(3 ratings - Login to add yours)
  • Published: New York, NY : Kino on Video, c2002.
  • Year Published: 2002
  • Description: 1 videodisc (75 min.) : sd., b&w & tinted ; 4 3/4 in.
  • Language: English
  • Format: DVD

ISBN/Standard Number

  • 0027616714923

Series

Additional Credits

Subjects

Recently Listed On

Tags



Login to add tags

Share This

AADL currently owns no copies of this item
  • DVD

The Great train robbery

There are no copies available

Where To Find It

No copies found.

Additional Details

Includes film "Homage to Eadweard Muybridge."

Originally produced in 1994.

Motion studies (1877-85) / Eadweard Muybridge.-- Actualities (1896-97) / Louis Lumiere.-- The Great train robbery (1903) / Edwin S. Porter.-- The Golden beetle (1907) / Ferdinand Zecca.-- A trip to the moon (1902) / Georges Melies.-- Kinetoscopes (1894-96) / Thomas Edison.-- Biograph Mutoscope.

The genesis of the motion picture medium is recreated in this 5-part collection of the cinema's formative works which reveal the foundation from which the styles and plots of contemporary cinema later evolved. This first program includes the first blockbuster in American film, The Great Train Robbery and other significant early films by pioneer filmmakers.

DVD ; full screen.

Community Reviews

Great Primer on Early Film

If you want to get the basics on the birth of filmmaking, this disc is a great way to do it in just over an hour. It begins with Muybridge's famous photographic studies, then progresses to Edison shorts - he basically just set the camera in various rooms and turned it on - and to the Lumiere brothers bigger-scale efforts, which take advantage of outdoor settings, natural light, and actually frame the shots in a painterly way. Then there's the hugely influential A Trip to the Moon. Its opening brings to mind the hammy setpieces in the Wizard of Oz, and Melies basically invents all kinds of special effects over the course of 12 minutes. The story is ridiculous and completely entertaining, particularly the MoonMen, a bunch of acrobats costumed with giant "alien" heads (they look sort of like evil chipmunks), who thrash around and then explode into thin air in what must have been a jawdropping effect at the time. Following this are a series of Burlesques, which record what was probably somewhat naughty in the day (a large woman needs help with her corset, a randy nightclub owner chases lovelies who are mostly out of frame around his office).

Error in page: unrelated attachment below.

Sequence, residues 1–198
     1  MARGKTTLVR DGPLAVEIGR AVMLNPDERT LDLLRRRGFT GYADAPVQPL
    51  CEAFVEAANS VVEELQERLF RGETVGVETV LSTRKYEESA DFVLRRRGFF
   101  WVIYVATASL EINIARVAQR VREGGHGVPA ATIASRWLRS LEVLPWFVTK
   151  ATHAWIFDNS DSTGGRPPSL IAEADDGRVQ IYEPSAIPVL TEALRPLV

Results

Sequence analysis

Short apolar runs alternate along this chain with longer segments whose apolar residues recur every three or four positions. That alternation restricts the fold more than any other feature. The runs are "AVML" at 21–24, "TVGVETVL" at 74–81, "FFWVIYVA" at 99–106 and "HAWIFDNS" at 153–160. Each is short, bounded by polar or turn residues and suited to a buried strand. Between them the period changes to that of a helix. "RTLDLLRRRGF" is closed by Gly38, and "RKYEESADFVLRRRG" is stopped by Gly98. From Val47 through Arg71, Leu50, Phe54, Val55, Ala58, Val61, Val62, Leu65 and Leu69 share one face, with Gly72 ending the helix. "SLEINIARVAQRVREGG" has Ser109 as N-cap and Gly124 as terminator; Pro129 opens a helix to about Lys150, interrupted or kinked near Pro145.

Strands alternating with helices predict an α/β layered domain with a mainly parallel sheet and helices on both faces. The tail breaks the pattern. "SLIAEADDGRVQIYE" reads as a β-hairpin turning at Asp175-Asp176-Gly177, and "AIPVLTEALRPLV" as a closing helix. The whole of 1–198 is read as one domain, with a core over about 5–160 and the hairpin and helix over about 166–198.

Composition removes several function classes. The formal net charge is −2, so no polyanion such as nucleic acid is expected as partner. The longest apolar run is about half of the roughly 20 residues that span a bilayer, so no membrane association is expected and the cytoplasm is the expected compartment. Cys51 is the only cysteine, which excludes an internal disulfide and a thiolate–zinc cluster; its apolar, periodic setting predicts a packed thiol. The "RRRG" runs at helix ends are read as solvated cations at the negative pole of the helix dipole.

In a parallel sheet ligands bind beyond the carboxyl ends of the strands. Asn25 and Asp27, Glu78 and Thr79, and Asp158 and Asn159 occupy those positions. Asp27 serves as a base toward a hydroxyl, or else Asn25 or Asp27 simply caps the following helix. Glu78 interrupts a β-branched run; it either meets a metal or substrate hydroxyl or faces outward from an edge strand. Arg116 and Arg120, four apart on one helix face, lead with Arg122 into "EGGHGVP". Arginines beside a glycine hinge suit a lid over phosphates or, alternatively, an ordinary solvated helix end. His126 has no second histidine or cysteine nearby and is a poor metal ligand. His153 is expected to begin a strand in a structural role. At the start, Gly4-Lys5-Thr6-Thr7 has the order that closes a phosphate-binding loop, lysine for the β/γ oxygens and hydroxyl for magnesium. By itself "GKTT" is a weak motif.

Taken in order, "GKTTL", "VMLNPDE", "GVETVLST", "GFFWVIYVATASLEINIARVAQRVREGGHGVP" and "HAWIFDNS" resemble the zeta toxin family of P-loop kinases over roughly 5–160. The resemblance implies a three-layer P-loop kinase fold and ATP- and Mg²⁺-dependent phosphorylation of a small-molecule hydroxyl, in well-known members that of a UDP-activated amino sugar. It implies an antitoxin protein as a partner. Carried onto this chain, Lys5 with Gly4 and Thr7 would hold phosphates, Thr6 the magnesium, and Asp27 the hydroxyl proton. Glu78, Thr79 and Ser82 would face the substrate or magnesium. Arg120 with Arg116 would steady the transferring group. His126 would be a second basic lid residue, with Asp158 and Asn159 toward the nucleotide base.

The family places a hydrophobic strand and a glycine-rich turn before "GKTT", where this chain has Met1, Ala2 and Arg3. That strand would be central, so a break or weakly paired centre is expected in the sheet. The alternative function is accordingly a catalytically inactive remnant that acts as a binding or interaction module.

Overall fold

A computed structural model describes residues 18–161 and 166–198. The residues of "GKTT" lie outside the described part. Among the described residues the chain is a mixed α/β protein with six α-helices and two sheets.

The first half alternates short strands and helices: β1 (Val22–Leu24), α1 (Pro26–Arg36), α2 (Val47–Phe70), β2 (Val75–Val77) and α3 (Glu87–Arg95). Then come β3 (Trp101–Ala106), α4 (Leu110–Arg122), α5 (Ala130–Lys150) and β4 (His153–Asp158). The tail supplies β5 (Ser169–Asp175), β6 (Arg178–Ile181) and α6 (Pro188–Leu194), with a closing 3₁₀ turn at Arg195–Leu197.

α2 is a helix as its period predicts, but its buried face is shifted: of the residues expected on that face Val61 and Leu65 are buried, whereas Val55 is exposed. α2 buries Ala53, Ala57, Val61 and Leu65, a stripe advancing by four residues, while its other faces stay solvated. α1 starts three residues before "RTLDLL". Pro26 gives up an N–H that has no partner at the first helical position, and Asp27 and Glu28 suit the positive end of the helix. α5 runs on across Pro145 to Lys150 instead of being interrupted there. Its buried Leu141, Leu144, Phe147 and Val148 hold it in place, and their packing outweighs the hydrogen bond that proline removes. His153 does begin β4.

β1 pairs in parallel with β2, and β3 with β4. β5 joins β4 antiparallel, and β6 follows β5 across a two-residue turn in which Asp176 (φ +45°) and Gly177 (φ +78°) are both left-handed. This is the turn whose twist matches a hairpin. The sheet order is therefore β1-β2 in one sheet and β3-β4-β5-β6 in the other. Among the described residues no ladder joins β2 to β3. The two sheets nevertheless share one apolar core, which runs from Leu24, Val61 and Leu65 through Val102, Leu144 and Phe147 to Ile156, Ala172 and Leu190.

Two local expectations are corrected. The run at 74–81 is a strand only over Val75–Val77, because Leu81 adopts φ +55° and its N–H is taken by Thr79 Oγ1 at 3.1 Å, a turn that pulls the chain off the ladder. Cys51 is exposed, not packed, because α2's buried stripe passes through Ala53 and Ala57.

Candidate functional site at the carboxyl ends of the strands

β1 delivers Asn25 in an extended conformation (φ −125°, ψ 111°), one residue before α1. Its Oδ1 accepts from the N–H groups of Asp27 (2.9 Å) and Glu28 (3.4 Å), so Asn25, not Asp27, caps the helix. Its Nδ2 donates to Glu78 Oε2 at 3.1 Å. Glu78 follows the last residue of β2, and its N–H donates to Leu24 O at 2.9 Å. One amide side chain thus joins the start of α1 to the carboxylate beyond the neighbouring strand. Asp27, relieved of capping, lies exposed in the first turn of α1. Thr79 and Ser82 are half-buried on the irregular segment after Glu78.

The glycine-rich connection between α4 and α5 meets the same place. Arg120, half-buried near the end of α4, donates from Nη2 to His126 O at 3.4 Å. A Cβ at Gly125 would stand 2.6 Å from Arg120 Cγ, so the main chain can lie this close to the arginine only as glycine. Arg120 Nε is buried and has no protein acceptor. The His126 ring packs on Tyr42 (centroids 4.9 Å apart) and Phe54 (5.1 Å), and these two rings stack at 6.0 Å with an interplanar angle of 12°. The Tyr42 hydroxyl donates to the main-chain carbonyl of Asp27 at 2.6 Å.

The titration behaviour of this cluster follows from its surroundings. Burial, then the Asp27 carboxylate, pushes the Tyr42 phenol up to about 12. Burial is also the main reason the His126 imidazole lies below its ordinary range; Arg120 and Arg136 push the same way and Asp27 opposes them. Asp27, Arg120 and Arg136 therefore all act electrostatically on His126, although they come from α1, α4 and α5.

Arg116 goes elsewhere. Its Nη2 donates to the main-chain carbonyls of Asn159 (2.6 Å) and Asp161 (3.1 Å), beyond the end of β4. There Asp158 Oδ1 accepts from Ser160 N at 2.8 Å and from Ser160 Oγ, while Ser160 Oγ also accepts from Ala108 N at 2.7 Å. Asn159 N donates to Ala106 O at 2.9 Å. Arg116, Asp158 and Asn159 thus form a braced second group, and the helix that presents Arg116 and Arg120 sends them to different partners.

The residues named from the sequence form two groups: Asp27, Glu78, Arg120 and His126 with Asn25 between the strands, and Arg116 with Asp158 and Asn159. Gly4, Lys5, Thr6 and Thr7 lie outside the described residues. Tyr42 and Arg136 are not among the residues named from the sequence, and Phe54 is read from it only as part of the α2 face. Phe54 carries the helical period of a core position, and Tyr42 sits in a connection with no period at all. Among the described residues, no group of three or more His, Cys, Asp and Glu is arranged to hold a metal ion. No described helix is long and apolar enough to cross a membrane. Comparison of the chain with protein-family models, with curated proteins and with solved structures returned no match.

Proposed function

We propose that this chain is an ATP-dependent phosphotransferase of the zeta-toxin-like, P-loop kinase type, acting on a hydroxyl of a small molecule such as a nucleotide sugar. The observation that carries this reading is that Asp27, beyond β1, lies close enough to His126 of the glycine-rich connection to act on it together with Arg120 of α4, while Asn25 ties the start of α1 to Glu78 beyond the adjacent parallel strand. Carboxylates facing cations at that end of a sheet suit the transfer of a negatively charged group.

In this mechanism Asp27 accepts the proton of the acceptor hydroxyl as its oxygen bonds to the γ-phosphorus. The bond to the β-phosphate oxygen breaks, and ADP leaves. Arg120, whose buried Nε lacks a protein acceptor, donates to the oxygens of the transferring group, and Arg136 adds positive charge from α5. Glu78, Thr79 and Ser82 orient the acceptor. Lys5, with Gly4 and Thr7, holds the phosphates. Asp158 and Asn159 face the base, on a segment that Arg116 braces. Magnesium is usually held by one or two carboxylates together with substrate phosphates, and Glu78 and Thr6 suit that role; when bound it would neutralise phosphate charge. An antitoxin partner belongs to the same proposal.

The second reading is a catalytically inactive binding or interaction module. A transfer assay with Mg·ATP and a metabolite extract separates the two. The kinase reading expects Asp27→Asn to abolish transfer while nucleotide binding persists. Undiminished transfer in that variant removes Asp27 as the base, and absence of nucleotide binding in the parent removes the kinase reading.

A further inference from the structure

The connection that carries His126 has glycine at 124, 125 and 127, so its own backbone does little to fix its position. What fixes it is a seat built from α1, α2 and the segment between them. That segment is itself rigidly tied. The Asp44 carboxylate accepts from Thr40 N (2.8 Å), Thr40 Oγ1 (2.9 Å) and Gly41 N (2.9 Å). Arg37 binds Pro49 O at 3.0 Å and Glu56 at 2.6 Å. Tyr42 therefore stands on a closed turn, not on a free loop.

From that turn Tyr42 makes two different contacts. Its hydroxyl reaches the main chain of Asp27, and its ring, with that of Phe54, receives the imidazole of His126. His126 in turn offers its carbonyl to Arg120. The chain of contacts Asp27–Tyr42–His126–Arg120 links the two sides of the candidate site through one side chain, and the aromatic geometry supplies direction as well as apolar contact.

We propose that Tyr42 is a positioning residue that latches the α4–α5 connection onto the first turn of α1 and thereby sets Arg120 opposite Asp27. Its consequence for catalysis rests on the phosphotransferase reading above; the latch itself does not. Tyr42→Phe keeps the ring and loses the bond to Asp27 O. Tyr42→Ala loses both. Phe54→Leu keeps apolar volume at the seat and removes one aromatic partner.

Probably the most interesting thing about this one is the contrast between the European movies, which are more concerned with fantasy and interesting effects, and the American ones, which deal with more realistic stories. The Great Train Robbery has a way of putting you in the seats of those early theaters, saying, Wow, how did they do that? In it, a group of Very Bad Men do Very Bad Things to people on an enormous train (you never could have acheived this on stage); at one point, at least 800 people file out of it to be held up by 3 men (an exaggeration, but seriously, as people continue to file out, you may ask yourself, how many clowns can they fit in that thing?). The location shooting, the magic of being able to add suspense through camera movement, and the excitement of being able to accomplish things you could never accomplish in the confines of a theater are truly inspiring.

You can finish up by watching The Whole Dam Family by Porter and The Golden Beetle by Zecca. Truly, the line gets drawn in the sand here; the American Porter has a great time setting down a humorous portrait without words of a typical American family complete with dog, while Zecca creates a mystical confection with innovative techniques like overlapping film.

All in all, this is a terrific DVD that helps you feel the excitement and possibilities that this technology opened up.

countessnan

Login to write a review of your own.